Vacating or preserving stale judgments bearing inherent defects: setting aside the final judgment

September 16, 2011

By David J. Cook

The Free Press – Volume 10, Summer 2011

Published by the Commercial Law League of America

The crucible of every judgment is enforcement, compelling the judgment debtor to involuntarily compensate the plaintiff. Absent insurance or a solvent defendant, judgments do not reach a flash point until the debtor sells valuable property encumbered by a judgment lien, or confronted by aggressive and successful campaign of civil enforcement.

View the complete article here…

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Post judgment subpoena power: Creditors need not fly blind into the quagmire of enforcement.

September 12, 2011

This ruling demonstrates that a judgment creditor is generally entitled to use the power of a subpoena to marshal financial records at a debtors exam. This is important in enabling the judgment creditor to meaningfully examine the judgment debtor with bank statements, and financial statements at hand.

Read the full opinion here.


Arbitration: An iron clad, albeit not infallible form of dispute resolution.

September 12, 2011

Arbitration benefits litigants by offering finality. As the California Court of Appeal held in Sappal v. Business Investment Management,  absent the most extreme ruling, an arbitrators decision is not subject to judicial review.

Why is this important? Winners like arbitration as they offer finality, assuming they got what they wanted. Losers abhor arbitration, as they offer finality, assuming that they are disappointed with the result.

Read the full opinion here.

 


Fraudulent Conduct and Jurisdiction

August 29, 2011

In Kraus-Anderson Capital v. Alamo Medical Supply & Equipment, Inc. the California Court of Appeal (2nd Dist.) upheld a trial court’s finding that the Minnesota Courts had the jurisdiction to enforce a promisory note executed in California.

The facts here are typical of many finance transactions. An out of state financier lends money to a customer of expensive, specialized equipment. The customer executes a promisory note and security agreement. The vendor executes a remarketing agrement obligating the vendor to recover the collateral and provide for remarketing, a common mechanism facilitating the sale of specialized equipment.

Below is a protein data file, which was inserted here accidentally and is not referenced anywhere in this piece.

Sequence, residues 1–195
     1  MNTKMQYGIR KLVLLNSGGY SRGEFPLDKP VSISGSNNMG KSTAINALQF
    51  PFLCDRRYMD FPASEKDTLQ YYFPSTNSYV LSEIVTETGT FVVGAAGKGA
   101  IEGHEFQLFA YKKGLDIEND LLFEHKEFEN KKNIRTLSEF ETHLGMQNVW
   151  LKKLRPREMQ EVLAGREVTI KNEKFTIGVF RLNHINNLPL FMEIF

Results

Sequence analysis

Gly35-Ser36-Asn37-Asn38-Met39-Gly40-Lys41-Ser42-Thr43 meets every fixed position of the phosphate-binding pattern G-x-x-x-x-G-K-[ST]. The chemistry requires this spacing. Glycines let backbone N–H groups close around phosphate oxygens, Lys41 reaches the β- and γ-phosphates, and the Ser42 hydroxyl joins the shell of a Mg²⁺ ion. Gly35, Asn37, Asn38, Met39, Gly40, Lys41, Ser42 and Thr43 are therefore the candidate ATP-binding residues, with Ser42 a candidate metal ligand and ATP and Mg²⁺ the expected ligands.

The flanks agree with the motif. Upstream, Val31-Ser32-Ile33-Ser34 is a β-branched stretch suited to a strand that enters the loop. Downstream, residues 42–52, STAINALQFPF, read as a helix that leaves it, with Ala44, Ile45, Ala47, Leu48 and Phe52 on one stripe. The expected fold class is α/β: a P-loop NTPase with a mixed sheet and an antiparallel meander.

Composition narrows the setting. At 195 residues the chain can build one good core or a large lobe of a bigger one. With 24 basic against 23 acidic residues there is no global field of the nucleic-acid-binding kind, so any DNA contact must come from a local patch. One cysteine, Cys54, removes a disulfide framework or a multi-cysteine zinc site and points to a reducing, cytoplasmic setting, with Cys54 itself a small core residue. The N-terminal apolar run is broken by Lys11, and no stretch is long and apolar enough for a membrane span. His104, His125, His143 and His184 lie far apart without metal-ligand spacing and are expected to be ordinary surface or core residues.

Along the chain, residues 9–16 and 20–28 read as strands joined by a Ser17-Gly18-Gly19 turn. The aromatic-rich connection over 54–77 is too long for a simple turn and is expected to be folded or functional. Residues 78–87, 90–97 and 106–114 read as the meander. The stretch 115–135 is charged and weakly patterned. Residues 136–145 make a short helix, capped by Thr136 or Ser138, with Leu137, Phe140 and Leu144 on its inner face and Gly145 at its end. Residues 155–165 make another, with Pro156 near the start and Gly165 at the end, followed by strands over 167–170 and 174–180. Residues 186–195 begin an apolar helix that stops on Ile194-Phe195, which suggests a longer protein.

The customer in this case defaulted, and the financier sought to recover its collateral and call upon the vendor to re-market the equipment. The financier then discovered that the equipment was misrepresented and that the vendor defaulted on the remarketing agreement. The financier obtained a judgment in its home state (Minn.) against the vendor for the fraudulent equipment and the breach of the remarketing agreement. The financier then sought to domesticate the sister-state judgment in California, prompting the vendor to challenge the judgment on jurisdictional grounds. The California trial court denied the motion and the Court of Appeal affirmed.

In a scholarly analysis the appellate court found that the sister-state court properly had jurisdiction over the vendor.

The message from this case is that a financier is entitled to seek relief in its home court given a breach of a remarketing agreement by an out of state vendor.

Read the full opinion here.


The Chapter 11 Reset: Can Plans Die of Old Age?

August 3, 2011

Originally published in Commercial Law World, July/August 2011, Volume 28 | Issue 3

By David J. Cook

Chapter 11 confirmed plans are born, live and die of old age. This article explains how Chapter 11 plans, like any other federal judgment, can expire.

Read the complete article here.


The Discretionary Stay Against Enforcement of a Judgment

June 24, 2011

Los Angeles Lawyer – April 2011

By David J. Cook

THE RACE TO ENFORCEMENT begins as soon as a judgment creditor wins a lawsuit. While typically the plaintiff, a judgment creditor can also be the defendant in an anti-SLAPP suit. In either situation, the judgment creditor can begin enforcement procedures immediately upon entry of judgment and can go so far as to direct the sheriff to appear at the defendant’s front door, break it down, and seize the contents from ?oor to ceiling, including the family dog. Only settlement, posting of an expensive appeal bond, or entry of a discretionary stay of enforcement by the trial court can prevent enforcement…

Continue reading the full article here.


The Digital Sherpa Lifts The Veil of Asset Protection

June 24, 2011

Debt3 May/June 2011

By David J. Cook

How can the internet identify the liable party, describe its status and offer up new remedies? You are a self-selecting audience. What does this mean to you?

Read the full article here.